John C. Oakley, MD - In Remembrance
John C. Oakley MD, neurosurgeon, researcher, husband, father, and friend died April 17th, 2006. He was kind, generous, and compassionate man; not only scholarly but faithful as well. He was always in pursuit of his passions and lived his life the way most people dream.
Born January 11, 1946 he was the second of six children growing up in Seattle, WA. He was an avid scholar all of his life, beginning his college career at the University of Washington in 1964. A year later he transferred to Pacific Lutheran University to be with his life long love and future wife, Shirley. In 1968 John graduated Magna Cum Laude with a double major in biology and chemistry paving the way for his life's work in medicine. He graduated from the University of Washington Medical School in 1972 and his work with Dr. Arthur Ward lead him to pursue a residency in neurosurgery at the University of Washington. He spent two years at the National Institutes of Health before becoming a professor at the University of Arizona. There, John developed an interest in the treatment of pain that he continued throughout his career. In 1999, after 18 years of private practice in Seattle, WA, he moved to Billings, MT and became a partner in Yellowstone Neurosurgical Associates and the director of the Rocky Mountain Pain Rehabilitation Center.
John approached every aspect of his life with the same fervor as his career. He was as interested in climbing mountains as he was in appreciating a fine wine or listening to an opera. His hiking extended throughout the world, including a climb to the top of Mt. Rainier. He skied with friends all throughout Europe and spent his recent family vacations at Big Sky skiing with his children and grandchildren. When he discovered golf in his later years he was fortunate enough to play with friends all over the world. John never waited to do the things that he loved. He appreciated every moment as it presented itself.
Not only a scholar and an athlete, John was an artist and a musician as well. In high school he taught himself to play guitar and sang folk music in a trio called The Kinsmen. He and his wife continued singing together in church choirs and home; they also shared a spirited love of the opera. In addition, John loved to sketch portraits and in his earlier years became fascinated with woodworking. With his limited amounts of spare time he was able to build an entire bedroom set for his son, Peter. He also convinced his daughter that the garage was "Santa's Workshop" while he built her a dollhouse for Christmas.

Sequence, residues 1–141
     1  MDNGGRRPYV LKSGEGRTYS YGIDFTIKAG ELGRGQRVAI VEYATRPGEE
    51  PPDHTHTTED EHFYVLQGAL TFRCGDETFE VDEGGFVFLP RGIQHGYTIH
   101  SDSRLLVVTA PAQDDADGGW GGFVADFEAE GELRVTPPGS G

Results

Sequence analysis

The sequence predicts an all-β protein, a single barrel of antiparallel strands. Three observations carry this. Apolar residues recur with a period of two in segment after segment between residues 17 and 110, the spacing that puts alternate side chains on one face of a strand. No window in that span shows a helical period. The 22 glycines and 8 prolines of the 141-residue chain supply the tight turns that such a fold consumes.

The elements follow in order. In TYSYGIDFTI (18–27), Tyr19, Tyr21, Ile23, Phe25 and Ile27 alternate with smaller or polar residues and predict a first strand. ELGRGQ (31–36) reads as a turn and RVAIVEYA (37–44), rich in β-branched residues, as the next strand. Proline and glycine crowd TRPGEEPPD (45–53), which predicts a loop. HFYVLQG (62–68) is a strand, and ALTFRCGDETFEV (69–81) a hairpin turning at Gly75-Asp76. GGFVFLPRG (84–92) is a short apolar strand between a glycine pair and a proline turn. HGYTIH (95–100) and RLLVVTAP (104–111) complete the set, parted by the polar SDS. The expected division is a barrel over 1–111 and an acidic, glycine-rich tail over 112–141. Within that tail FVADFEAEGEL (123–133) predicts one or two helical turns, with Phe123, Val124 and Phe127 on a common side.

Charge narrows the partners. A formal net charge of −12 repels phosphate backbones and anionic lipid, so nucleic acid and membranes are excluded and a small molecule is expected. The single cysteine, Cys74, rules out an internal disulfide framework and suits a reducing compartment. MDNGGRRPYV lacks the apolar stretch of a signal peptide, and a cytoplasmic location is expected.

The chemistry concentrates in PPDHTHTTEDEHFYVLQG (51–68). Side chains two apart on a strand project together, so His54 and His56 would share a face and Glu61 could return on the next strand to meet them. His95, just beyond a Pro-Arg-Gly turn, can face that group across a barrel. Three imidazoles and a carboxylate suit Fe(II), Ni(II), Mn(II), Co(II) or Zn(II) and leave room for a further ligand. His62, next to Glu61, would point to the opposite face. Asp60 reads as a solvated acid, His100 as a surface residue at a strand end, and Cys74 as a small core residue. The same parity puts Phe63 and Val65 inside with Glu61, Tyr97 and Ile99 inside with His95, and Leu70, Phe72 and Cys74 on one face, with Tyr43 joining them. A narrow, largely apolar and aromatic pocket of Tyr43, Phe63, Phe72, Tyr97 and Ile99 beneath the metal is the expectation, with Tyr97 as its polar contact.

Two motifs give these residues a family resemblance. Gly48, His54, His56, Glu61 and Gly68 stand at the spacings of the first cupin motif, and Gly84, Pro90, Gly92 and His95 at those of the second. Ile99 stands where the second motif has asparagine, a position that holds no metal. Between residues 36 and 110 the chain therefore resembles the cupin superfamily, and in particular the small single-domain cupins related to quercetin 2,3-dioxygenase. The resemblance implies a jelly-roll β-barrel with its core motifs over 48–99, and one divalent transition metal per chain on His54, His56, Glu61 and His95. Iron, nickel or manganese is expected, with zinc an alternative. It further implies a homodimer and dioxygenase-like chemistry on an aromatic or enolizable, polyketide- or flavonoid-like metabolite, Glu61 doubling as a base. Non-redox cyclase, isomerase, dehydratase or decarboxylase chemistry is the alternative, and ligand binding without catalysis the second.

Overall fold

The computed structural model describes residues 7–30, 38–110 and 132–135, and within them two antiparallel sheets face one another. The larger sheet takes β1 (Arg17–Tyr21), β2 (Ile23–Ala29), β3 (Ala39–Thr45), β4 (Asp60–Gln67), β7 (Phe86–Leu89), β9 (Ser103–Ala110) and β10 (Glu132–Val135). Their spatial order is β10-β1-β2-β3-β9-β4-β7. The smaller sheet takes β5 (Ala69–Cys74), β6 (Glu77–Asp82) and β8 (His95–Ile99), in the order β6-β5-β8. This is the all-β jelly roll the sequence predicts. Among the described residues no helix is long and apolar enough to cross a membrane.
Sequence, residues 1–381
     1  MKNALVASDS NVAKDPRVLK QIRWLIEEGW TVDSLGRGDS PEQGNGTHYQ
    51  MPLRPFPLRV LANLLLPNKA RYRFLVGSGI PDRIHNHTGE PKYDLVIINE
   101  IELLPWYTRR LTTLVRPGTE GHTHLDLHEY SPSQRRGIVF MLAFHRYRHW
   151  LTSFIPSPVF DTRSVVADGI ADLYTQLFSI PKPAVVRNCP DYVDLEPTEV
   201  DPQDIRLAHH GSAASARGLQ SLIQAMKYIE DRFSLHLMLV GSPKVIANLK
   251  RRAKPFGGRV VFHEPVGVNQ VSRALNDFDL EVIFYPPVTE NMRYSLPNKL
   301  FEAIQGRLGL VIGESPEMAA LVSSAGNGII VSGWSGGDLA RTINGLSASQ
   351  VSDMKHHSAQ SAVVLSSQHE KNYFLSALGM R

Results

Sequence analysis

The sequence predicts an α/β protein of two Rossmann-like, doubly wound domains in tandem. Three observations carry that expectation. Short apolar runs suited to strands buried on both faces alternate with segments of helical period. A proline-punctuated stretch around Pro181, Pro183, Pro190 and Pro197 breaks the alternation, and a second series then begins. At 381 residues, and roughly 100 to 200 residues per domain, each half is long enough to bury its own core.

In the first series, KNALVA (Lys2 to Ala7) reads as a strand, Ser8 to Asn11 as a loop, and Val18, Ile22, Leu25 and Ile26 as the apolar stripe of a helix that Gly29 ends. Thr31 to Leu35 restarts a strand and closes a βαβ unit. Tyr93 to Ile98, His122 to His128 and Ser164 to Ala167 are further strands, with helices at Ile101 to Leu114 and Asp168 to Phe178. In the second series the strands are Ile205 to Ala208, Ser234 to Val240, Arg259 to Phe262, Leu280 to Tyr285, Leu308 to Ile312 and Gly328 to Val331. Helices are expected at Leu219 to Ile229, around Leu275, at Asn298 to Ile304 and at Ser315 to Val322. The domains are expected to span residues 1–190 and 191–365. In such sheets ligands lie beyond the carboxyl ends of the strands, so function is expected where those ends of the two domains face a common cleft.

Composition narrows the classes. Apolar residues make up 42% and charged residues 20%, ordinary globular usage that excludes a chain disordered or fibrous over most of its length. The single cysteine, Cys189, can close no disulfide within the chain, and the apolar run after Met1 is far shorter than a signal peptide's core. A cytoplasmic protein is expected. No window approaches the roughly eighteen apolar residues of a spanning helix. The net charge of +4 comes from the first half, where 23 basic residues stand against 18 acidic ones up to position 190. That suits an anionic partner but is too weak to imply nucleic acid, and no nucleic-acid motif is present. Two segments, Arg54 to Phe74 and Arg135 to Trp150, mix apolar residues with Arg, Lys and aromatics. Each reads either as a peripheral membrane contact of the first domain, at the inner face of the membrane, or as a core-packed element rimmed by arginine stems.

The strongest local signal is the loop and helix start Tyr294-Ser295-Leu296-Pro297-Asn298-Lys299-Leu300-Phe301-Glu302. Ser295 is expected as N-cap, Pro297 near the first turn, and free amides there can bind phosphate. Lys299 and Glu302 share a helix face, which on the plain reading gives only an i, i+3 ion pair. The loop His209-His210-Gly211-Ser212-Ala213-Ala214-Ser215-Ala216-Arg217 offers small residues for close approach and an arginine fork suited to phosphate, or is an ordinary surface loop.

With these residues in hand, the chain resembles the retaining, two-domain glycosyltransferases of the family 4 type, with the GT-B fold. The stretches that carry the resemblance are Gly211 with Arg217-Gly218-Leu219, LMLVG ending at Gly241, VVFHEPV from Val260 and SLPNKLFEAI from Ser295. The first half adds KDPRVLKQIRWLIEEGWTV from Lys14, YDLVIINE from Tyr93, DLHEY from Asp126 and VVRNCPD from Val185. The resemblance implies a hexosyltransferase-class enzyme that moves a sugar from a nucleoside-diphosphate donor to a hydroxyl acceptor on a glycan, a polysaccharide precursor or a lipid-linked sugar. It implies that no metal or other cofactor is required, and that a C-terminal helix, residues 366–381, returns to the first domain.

John's obsession for flying started as a young boy when he spent a summer living with his Uncle Mel who was a bush pilot in Alaska. Some of his fondest memories and most exciting stories came from this one summer. As an adult he reached his goal of flight and was able to travel around the country with his family. One of his flights included a trip from Washington to Georgia. He loved to fly his airplane.
Of all things important to John teaching was what he thrived on. His compassion helped him become a teacher that all people could relate to and understand. Because of this skill he was a sought after lecturer in the medical community. He published countless articles and chapters in text books relating to his field. He also loved to read and discuss history, and was privileged to share his faith with others through bible studies and the occasional sermon.
John was a man whose faith could never be questioned. If you were lucky enough to share it with him you could see that he had the purest and most real kind of Christian faith; the kind that makes other people believe without the work of miracles or evangelism. He shared his faith every day by the way that he lived his life. He and Shirley raised their children with this same faith and devoted all of their love to them. He was an active member of American Lutheran Church where he had a church family he was proud to share.
John is survived by his loving wife, Shirley and their children John, Peter, and Rebekah; daughter-in-law Kathy Lachata-Oakley and son-in-law Jeff Robinson; grandchildren Christian and Alan Oakley; mother and father Don and Beulah Oakley; brothers Bob and Steve Oakley; sisters Nancy Manning, Sally Sheehan, and Donna Oakley; mother and father-in-law, Bill and Ann Craft; brothers and sisters-in-law John and Linda Mclaughlin, and Rick and Jacquie Craft and all of their children.
The memorial services will be held at 11:00 am, Friday, April 21st at American Lutheran Church in Billings Montana and Saturday, May 6th at University Lutheran Church in Seattle Washington.